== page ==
I Long for the Day
We have such a reactionary, crisis-driven, fear-motivated public policy and funding mentality in the United States. I personally find this so unsatisfying. The results of this type of failed leadership are so incredibly short term and surrounded by the negative energy of perpetual insufficiency and blame. Then the nation's attention gets focused on the next big crisis and the former one is pushed aside. Then a new crisis has to be created to direct attention back to the other crisis... A vicious "spin" cycle.
Many are now repeating the NCLB educational policy mantra: Sometime next year, 82% of our schools will be failing schools. Back in 2005 I began preparing my school community for the inevitable fact that by 2014, Mabry Middle School, then one of the best schools in the state of Georgia, would be labeled a failing school. Simply absurd. But, in my thinking, that community deserved to know where this policy was inevitably going to take us.
Certainly my profession, as does every national sector*, has its issues. In many places, those issues are very serious.
But 82% of schools are labeled failures while at the same time a significant majority of Americans believe that their local schools are doing a good job. Teachers are being dismissed in record numbers because funding has shrunk because of the failure in the financial sector while at the same time central office budgets and testing budgets are at record highs across the nation. Hundreds of children apply for only a tiny handful of seats in a small number of "high performing" charter schools while at the same time thousands in those same communities could care less, seeing no link between their education and their ability to attain the American Dream. After all, where are all of the jobs going? What do we build in this country?
I hear many explanations: the extreme conservatives want to privatize schooling in the US. The teachers' unions are the problem with New York City alone paying over $100,000,000 annually in teacher salaries for teachers who spend over a year not teaching while their termination cases are being reviewed. The inflexible, reform-resistent system is the problem. Too many bodies govern the classroom: federal, state, local. The country can't afford to fund public education which should become a business enterprise. ...
Waiting for Superman, an interesting perspective to be sure, suggests that it's all about the teacher in the classroom. Unquestionably, the living, breathing, human, proficient, dedicated teacher's face-to-face interactions with students in the classroom is essential to the educational future of our children. (Now, even that is under assault with the emerging energy around "School-as-a-Service" delivered through cost-effective, cloud-based, customized learning buzz being hyped as the next real solution.)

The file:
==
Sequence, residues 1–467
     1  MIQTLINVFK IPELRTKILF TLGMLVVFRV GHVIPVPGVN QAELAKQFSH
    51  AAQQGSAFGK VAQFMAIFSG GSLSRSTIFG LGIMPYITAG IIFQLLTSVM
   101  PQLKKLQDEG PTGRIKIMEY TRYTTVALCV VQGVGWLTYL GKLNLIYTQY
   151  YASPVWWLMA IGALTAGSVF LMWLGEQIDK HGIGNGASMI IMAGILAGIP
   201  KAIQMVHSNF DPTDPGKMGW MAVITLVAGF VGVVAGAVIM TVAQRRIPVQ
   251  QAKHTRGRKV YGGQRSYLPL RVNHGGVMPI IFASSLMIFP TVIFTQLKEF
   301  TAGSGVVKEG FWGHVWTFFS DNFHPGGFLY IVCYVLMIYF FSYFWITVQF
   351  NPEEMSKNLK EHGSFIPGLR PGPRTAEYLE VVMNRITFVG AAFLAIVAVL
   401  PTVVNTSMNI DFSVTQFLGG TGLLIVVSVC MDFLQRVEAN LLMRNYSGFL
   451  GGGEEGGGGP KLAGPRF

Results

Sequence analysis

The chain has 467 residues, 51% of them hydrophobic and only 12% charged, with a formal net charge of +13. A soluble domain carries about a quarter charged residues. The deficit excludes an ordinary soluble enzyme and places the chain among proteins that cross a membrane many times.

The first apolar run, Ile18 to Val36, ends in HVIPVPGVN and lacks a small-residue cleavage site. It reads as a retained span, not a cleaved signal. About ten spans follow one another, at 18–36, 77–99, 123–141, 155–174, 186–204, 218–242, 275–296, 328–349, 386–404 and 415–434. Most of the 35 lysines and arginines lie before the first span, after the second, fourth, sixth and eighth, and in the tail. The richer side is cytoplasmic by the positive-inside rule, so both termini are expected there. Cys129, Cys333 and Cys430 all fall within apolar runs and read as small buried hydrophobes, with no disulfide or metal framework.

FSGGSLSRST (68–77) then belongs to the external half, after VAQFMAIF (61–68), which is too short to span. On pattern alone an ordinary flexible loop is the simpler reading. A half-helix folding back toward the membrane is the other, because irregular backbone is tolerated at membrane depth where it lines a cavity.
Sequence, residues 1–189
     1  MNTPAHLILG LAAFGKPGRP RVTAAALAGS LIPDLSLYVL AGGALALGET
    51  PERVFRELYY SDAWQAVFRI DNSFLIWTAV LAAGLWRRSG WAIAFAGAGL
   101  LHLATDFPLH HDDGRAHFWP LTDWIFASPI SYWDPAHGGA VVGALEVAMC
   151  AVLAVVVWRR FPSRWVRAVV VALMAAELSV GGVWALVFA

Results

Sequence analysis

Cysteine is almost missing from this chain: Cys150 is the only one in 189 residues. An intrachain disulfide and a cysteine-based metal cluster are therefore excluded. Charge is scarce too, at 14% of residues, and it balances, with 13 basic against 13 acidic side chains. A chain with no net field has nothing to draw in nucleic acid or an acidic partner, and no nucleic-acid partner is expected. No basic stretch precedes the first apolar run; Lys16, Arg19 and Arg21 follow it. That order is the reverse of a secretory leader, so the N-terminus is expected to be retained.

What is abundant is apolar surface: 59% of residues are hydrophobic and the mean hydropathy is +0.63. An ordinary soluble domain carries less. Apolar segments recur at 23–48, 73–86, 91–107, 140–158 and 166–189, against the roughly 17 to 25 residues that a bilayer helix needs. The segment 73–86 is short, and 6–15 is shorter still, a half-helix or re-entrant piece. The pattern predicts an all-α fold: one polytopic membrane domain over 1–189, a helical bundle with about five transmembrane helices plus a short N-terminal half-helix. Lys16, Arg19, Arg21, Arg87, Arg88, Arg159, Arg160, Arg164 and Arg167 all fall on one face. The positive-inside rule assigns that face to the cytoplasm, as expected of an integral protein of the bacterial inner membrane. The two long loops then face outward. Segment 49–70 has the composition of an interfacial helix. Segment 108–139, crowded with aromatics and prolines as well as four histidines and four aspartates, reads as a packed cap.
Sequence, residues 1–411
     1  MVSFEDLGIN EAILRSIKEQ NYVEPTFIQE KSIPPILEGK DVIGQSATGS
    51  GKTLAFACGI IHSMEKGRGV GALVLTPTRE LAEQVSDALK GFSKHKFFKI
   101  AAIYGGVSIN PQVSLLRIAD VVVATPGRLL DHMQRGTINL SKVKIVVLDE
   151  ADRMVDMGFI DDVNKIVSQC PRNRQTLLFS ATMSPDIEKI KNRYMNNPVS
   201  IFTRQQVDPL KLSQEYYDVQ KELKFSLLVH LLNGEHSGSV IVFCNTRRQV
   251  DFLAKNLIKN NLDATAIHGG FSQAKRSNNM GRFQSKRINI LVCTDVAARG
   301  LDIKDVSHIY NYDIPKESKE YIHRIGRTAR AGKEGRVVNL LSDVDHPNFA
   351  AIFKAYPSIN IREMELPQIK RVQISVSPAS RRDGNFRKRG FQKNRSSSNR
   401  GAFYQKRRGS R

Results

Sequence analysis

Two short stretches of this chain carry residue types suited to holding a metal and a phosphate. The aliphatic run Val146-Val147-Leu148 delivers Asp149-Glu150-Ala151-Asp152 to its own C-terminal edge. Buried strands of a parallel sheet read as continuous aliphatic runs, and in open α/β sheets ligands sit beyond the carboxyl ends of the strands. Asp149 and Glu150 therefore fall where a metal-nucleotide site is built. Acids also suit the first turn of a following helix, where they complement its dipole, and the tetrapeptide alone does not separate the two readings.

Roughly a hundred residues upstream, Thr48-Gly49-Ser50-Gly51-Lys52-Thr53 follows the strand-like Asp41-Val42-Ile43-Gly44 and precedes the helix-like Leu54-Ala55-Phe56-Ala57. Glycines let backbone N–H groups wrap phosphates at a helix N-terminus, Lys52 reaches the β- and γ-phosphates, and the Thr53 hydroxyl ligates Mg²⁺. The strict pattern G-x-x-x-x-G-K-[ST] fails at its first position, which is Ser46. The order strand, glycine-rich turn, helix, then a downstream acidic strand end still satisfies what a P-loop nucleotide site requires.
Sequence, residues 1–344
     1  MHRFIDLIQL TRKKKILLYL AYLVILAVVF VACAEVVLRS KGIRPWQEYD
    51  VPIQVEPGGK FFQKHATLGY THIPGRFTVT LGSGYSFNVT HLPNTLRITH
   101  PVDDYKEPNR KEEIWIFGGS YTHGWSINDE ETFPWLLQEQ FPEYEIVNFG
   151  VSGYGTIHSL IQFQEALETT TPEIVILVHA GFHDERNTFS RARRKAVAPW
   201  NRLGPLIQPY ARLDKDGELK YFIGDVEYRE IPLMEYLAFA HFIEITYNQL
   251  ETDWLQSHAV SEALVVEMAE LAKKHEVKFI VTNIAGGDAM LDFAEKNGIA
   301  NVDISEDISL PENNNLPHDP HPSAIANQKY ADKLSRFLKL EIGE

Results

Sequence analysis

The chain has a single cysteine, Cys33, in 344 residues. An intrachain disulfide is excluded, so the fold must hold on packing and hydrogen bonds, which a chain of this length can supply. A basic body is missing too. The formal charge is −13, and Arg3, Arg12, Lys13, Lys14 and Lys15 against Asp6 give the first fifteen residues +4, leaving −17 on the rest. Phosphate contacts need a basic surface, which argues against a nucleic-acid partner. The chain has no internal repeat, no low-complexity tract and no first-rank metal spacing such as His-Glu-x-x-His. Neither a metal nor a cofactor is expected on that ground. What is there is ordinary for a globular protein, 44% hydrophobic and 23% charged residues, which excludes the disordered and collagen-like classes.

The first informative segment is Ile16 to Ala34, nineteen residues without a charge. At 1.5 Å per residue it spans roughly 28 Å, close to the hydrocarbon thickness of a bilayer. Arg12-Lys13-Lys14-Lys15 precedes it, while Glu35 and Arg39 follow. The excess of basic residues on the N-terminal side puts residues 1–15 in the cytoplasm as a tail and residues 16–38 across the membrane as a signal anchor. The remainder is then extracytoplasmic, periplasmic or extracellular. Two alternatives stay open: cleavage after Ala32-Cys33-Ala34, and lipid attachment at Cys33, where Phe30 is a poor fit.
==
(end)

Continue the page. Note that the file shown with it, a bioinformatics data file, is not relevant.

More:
But even if marginal and poor teachers who are protected by unions are the source of all of the problems in our schools, as Davis Guggenheim seems to suggest in his docudrama, let's wave a magic wand and remove every single one of them from our schools in an instant. Then what? Who replaces them? Our current colleges are not preparing enough future teachers because being an educator is not seen as a valued career path in this country.
One thing is clear to me: a policy that labels 82% of the nation's schools as failures is bad policy. I dare say it is a failed policy. As the data comes in, even the charter school movement has clearly demonstrated that it does no better than their public school counterparts. Can "we the people," as informed, hard working, good people who care about our nation, our children, and our collective futures not envision a different perspective for what is going on here?
When will we finally have the courage to stand up and say that the reactionary, crisis-driven, hysteria-centric, failure-riddled, fear-motivated policy and funding mentality that began with "A Nation at Risk," and culminated with NCLB and Race to the Top simply did not and does not work. It completely misses the mark. It neglects what motivates human beings to live a culture of personal best. It has a demonstrated track record of failing to empower meaningful, sustainable, positive change. It effectively erodes public trust and confidence in an institution that is essential for our national interests and democracy.
If we can not motivate our country to support education reform through long term, sustainable funding models that empower local, human teacher leadership focused on the highest levels of individual student achievement in a caring learning community we will continue to be in this spin cycle of failure. I long for leadership that sees a better way to lead, that sees a better way to create policy, that sees a better way to empower sustainable, long term, positive solutions.
Our children deserve it.
*I've often pondered how national governance deregulated the financial sector and then reacted to that sector's sheer greed and incompetence, turning the national coffers upside down to give away unprecedented dollar amounts (no amount could be too much) compared to how those same governing bodies respond to the educational sector. Those were very powerful people, unlike educators, with tremendous financial and political resources.